Michelle Cahill



‘Myth is not merely decorative’: Prithvi Varatharajan Interviews Michelle Cahill

Michelle Cahill is an award-winning poet and fiction writer and editor of Mascara Literary Review . Cahill has won the Val Vallis Award and the Hilary Mantel International Short Story Prize. Her debut short story collection, Letter to Pessoa, was published by Giramondo Publishing in 2016, and won the NSW Premier’s Literary Award for New Writing.

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Winners for the Val Vallis Award for an Unpublished Poem 2017

Run by Queensland Poetry Festival, and named in honour of a distinguished Queensland poet, the Arts Queensland Val Vallis Award for an Unpublished Poem is committed to encouraging poets throughout Australia. 2017 Selection panel: Stuart Barnes and Michell Cahill.

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The Fall

for my father Tibouchina, warm maple-leaf, elsewhere it is winter. My father standing at the doorway with a phlegmy cough in the damp basement flat, his gaze a despair, resignation, I fear before the rite of knowing. I take the …

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Review Short: Michelle Cahill’s The Herring Lass

Michelle Cahill is well-known to contemporary Australian readers as a poet, editor and fiction writer. She is the winner of the 2017 UTS Glenda Adams Award for New Writing (one of the NSW Premier’s Literary Awards), the Val Vallis Award, and the Hilary Mantel International Short Story Prize, and has been shortlisted for other major prizes.

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Extimate Subjects and Abject Bodies in Australian Poetry

This wry poem by Pan Zijie addresses language and human bodies as mobilised subjects. An Australian-born Chinese poet, Zijie has written in relative obscurity since publishing his first book, Vostok. Reading his striking collection Beijing Spring, published in 2015 by Maninriver Press, I wonder why I am not familiar with his work. After some online enquiries I learn that Pan holds a master’s in creative writing from Macquarie University and that he completed a PhD on representations of Chinese masculinity in Australian literature. His first collection received positive imprimaturs from David Brooks, Marcelle Freiman and Michael Wilding but I could find not a single review.

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Pirogue

A boy, I dreamed of being a captain in the ocean’s foreign policy, catching the fast currency, binding my pirogue with a rope to hold back the breakers. Listen, today a jazz singer drowned, the infringing Atlantic shipped pirates who …

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Proteaceae: A Chapbook Curated by Peter Minter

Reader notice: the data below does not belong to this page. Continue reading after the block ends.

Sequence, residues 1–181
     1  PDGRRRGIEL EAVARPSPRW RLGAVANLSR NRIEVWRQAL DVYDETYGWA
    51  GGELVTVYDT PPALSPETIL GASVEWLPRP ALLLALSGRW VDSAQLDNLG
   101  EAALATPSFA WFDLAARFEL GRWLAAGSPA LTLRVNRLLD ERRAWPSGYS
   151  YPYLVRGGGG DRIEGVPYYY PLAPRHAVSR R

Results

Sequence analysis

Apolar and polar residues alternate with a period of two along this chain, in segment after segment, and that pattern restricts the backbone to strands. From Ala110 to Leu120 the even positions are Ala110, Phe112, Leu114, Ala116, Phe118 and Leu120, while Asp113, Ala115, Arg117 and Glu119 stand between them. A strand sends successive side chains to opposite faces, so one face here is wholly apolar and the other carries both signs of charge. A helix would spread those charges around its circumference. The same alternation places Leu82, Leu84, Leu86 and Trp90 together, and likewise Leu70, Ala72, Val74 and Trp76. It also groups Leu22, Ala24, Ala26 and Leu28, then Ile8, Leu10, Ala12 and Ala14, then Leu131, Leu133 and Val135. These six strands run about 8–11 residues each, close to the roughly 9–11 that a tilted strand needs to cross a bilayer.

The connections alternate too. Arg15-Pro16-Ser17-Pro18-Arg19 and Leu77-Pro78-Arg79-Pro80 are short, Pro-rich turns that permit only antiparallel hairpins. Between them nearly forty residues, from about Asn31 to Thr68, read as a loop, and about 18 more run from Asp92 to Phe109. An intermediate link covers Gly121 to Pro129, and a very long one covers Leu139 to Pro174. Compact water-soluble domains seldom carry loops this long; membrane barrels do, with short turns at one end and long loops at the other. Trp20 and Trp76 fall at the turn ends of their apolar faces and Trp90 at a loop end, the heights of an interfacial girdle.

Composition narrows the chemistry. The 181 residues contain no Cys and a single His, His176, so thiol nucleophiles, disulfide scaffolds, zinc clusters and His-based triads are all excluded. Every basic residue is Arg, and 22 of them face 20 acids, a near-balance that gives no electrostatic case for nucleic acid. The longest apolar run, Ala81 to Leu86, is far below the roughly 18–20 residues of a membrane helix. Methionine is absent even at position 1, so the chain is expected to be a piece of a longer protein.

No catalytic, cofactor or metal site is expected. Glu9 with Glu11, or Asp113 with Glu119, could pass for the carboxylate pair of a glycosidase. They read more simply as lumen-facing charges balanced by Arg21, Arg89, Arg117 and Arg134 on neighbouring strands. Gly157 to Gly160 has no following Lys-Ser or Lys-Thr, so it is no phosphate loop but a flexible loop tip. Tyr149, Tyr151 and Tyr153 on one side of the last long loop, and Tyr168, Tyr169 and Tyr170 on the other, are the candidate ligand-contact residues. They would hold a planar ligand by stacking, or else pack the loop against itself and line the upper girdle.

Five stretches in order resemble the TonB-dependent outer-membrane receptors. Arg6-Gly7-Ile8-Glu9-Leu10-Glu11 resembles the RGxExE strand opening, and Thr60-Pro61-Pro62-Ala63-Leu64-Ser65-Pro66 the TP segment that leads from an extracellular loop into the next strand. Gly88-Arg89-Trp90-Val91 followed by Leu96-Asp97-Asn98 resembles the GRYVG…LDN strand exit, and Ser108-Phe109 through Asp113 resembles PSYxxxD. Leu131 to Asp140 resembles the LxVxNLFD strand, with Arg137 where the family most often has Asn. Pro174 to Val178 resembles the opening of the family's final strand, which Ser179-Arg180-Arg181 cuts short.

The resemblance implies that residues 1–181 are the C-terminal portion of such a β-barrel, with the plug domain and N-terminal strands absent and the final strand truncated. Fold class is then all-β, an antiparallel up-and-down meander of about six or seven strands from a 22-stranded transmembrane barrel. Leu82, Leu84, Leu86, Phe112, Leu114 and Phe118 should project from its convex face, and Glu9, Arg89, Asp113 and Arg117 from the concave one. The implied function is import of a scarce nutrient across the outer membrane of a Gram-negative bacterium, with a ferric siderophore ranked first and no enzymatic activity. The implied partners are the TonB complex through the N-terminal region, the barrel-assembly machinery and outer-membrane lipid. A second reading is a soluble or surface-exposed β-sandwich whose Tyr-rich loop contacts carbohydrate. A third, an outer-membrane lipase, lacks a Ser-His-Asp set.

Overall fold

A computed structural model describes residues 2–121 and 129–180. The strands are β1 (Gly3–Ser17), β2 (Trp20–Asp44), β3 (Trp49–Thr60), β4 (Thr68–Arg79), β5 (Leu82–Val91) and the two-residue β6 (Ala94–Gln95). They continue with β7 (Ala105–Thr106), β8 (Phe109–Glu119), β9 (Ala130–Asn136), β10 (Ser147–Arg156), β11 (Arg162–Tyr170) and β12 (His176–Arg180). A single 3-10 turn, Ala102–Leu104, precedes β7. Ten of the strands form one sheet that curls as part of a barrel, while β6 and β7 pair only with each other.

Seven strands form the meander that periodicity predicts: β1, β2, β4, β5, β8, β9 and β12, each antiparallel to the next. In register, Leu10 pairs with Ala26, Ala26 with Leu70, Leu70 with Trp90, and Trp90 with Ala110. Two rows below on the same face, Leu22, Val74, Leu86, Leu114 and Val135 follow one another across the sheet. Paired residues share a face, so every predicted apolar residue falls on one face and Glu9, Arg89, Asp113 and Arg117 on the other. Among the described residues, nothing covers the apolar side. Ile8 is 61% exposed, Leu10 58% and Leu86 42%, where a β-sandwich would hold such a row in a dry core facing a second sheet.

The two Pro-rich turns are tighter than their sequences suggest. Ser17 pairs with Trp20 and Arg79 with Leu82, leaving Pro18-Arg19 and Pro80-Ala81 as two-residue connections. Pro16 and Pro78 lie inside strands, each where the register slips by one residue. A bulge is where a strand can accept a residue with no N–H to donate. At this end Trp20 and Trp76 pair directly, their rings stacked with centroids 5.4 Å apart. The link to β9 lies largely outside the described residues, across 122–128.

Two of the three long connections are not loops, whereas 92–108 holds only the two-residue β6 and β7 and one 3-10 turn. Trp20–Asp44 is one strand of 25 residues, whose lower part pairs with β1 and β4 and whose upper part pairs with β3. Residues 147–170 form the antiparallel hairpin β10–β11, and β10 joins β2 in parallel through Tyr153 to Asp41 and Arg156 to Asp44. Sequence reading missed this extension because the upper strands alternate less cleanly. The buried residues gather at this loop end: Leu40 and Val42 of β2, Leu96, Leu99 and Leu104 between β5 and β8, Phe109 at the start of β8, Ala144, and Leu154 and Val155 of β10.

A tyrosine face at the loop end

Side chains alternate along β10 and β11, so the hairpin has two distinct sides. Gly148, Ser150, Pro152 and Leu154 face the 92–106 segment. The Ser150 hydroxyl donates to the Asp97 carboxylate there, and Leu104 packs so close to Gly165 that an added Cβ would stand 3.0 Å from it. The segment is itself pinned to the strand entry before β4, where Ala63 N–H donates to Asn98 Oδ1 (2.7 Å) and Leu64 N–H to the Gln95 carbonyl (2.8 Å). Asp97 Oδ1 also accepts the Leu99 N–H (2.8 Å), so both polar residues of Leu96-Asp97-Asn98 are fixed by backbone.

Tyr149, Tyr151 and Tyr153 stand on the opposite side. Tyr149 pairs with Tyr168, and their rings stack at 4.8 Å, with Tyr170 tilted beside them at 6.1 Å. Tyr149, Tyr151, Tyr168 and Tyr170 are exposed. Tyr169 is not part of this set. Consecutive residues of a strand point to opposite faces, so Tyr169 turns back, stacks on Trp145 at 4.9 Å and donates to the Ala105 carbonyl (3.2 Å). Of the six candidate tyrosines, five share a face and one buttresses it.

In January 2013 I visited the inaugural exhibition of the new Blue Mountains City Art Gallery, an eclectic and compelling collection of works curated by Gavin Wilson and entitled ‘Picturing the Great Divide: Visions from Australia’s Blue Mountains’. I stood for what seemed like an hour before John Wolseley’s wonderful ‘The Proteaceae of NSW and Argentina 1996’ – a water colour and pencil work that is part of his ongoing creative enquiry into geological and biological temporalities, and one which advances an intensely felt and thought aesthetic of deep trans-historical and trans-biological emergence.

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Timothy Yu Reviews Contemporary Asian Australian Poets

Contemporary Asian Australian PoetsA decade ago, Cordite Poetry Review asked me to write a review of its tenth issue, ‘Location: Asia-Australia.’ In my review, I wrote that while the issue did a splendid job of showing the intersection between two separate places called ‘Asia’ and ‘Australia,’ it was less clear whether the ‘Asian-Australian’ could also be a thing unto itself, a kind of writing that might be visible within domestic as well as international spaces.

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The Vanishing

They hung me upside down by the tail, molecules starched— those Irish trackers, old-timers. I was tribal, a trophy locked with rigor mortis. They forced my abysmal jaw, my cough worthy of attention. I would make no apology for stray …

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Interlude

It was school vacation, my daughter skiing with her father, my husband in board meetings, mynah birds drumming on the window panes, autumn gifts, my first ex. in a condo in Kuantan, (true friendships don’t crowd us, they are not …

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Day of a Seal, 1820

A tall ship patrols the coast, pelagic fish are vanishing. I sniff the kelp and bloodworms, mould into an eroded kerb with an akward wriggle of neck, whisking as if hiding my fur was natural as instinct for milk, or …

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Asian-Australian Diasporic Poets: A Commentary

Diaspora Bell“This essay provides a survey of the poetry of some Asian Australian poets, and does not attempt to be definitive. Diasporic poetics raise more questions than they answer and are just as much about dis-placement as about place, just as much about a ‘poetics of uncertainty’ as about certainties of style/nation/identity.”

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